Submitted to: Journal of Neuroscience
Publication Type: Peer Reviewed Journal
Publication Acceptance Date: 6/2/2004
Publication Date: 8/11/2004
Citation: Xie, T., Tong, L., Mccann, U., Yuan, J., Becker, K., Mechan, A., Cheadle, C., Donovan, D.M., Ricaurte, A. 2004. Identification and characterization of metallothionein-1 and 2 gene expression in the context of (±)3,4-methylenedioxymethamphetamine (mdma)-induced toxicity to brain dopaminergic neurons. Journal of Neuroscience. 24(32):7043-7050.
Interpretive Summary: In Parkinsons Disease and some forms of drug abuse, dopamine neurons are destroyed. In a search for changes in gene expression that are indicative of dopamine neuron degeneration, a mouse cDNA microarray was used in conjunction with a mouse dopamine neuron degeneration model, namely MDMA-induced (MDMA is the drug ecstasy). Interestingly, two methallothionein genes (Mt-1and Mt-2) emerged as candidate genes which each show upregulation in the ventral midbrain dopamine neurons within 4-12 hours post MDMA treatment. Mt1 & 2 double knock-out mice were more vulnerable to MDMA-induced toxicity to DA neurons than wild-type mice. The known function of Mt-1 and Mt-2 are consistent with the results with knockout mice further suggesting that these genes are possibly a part of a neuroprotective system.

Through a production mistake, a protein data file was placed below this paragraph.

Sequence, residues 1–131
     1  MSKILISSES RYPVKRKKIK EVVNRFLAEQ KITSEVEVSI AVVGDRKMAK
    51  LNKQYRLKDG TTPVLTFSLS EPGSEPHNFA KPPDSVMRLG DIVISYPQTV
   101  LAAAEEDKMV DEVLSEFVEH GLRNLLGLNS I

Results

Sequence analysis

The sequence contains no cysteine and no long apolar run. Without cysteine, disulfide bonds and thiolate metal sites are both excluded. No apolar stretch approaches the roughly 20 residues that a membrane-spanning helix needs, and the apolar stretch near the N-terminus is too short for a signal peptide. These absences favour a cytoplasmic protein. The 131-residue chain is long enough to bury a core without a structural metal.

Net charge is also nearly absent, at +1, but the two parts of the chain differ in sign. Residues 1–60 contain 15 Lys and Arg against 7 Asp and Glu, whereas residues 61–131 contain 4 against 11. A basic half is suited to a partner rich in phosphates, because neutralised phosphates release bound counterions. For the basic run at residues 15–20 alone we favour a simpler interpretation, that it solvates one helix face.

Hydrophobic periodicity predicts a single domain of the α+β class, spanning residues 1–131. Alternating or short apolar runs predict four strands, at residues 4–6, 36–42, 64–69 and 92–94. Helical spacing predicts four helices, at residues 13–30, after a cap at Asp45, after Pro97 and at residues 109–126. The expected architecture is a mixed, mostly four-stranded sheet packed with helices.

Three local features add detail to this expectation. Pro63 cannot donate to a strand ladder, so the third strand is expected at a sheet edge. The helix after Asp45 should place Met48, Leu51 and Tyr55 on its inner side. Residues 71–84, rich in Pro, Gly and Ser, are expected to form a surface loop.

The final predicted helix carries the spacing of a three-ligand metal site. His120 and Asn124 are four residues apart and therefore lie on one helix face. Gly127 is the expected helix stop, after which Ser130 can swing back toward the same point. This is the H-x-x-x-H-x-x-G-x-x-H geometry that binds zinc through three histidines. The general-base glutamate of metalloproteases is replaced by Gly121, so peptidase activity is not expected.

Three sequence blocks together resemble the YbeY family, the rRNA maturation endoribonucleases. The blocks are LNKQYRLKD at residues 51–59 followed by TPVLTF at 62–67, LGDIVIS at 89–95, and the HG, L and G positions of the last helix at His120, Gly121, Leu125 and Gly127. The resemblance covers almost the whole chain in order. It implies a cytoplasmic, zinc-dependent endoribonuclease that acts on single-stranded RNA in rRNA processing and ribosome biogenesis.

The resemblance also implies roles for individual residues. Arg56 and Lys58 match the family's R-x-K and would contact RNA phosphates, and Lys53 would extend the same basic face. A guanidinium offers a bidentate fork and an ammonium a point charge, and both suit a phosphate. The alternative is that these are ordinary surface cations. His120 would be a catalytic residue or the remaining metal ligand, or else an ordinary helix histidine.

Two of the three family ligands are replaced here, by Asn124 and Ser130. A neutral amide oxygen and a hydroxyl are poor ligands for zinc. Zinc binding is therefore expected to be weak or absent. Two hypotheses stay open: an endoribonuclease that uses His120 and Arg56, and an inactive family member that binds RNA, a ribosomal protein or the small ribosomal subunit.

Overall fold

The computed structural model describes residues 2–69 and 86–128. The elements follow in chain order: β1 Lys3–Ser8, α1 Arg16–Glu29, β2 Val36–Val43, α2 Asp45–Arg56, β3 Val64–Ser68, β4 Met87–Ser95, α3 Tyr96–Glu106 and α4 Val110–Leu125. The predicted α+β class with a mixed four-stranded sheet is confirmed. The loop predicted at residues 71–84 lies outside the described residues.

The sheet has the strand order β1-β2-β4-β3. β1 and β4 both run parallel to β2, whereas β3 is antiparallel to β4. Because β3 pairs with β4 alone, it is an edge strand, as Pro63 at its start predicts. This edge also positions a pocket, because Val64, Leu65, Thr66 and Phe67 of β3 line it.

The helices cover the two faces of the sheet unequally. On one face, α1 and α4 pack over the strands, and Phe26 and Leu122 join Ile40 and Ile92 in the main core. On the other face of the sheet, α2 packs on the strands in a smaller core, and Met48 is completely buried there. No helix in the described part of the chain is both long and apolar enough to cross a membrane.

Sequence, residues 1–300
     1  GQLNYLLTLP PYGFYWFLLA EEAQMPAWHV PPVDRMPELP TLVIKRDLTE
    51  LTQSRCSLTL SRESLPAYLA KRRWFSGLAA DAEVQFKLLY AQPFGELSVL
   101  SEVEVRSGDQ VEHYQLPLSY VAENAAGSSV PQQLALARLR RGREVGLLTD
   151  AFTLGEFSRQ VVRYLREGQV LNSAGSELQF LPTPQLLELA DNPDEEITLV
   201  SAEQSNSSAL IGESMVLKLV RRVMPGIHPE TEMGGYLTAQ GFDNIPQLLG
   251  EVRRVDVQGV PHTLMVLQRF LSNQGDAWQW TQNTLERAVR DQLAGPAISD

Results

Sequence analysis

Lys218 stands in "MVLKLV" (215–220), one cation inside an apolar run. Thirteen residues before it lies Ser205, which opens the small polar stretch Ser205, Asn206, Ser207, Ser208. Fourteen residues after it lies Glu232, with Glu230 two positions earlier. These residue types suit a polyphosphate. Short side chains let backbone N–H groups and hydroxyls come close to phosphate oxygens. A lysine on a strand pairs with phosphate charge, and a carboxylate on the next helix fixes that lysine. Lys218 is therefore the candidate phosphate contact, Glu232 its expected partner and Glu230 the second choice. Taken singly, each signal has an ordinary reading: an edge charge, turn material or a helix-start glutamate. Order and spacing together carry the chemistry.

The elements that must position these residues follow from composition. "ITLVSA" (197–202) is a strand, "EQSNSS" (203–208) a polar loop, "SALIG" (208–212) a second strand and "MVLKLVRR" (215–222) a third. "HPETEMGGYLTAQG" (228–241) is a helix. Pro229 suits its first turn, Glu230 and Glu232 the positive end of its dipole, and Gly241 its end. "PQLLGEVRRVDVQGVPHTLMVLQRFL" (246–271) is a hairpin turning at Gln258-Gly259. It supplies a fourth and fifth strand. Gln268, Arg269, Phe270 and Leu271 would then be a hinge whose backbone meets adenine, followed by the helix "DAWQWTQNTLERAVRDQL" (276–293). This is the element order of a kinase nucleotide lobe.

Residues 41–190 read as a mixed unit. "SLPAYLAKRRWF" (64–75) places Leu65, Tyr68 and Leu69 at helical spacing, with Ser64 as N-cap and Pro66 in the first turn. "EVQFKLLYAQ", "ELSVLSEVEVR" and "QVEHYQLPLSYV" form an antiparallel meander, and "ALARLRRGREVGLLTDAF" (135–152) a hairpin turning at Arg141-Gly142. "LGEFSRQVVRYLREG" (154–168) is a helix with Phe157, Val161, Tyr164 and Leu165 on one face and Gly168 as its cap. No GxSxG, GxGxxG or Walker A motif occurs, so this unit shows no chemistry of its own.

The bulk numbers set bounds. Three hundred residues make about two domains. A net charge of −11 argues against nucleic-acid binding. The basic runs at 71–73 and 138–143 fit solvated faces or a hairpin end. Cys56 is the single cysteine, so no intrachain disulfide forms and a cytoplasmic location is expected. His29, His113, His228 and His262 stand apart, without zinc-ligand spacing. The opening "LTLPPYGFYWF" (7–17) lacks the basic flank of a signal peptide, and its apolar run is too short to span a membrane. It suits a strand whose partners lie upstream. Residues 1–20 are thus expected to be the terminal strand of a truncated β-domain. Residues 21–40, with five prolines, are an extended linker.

Technical Abstract: In mice, the recreational drug (+/-)3,4-methylenedioxymethamphetamine [MDMA ("ecstasy")] produces a selective toxic effect on brain dopamine (DA) neurons. Using cDNA microarray technology in combination with an approach designed to facilitate recognition of relevant changes in gene expression, the present studies sought to identify genes potentially involved in murine MDMA-induced toxicity to DA neurons. Of 15,000 mouse cDNA fragments studied, metallothionein (Mt)-1 and Mt2 emerged as candidate genes possibly involved in MDMA-induced toxicity to DA neurons. Northern blot analysis confirmed the microarray findings and revealed a dynamic upregulation of Mt1 and Mt2 mRNA in the ventral midbrain within 4-12 hr after MDMA treatment. Western blot analysis showed a similar increase in MT protein levels, with peak times occurring subsequent to increases in mRNA levels. Mt1-2 double knock-out mice were more vulnerable to MDMA-induced toxicity to DA neurons than corresponding wild-type mice. Stimulation of endogenous expression of MT protein with zinc acetate conferred complete protection against MDMA-induced toxicity to DA neurons, and administration of exogenous MT protein afforded partial protection. Collectively, these results indicate that MDMA-induced toxicity to DA neurons is associated with increased Mt1 and Mt2 gene transcription and translation, possibly as part of a neuroprotective mechanism. The present findings may have therapeutic implications for neuropathological conditions involving DA neurons.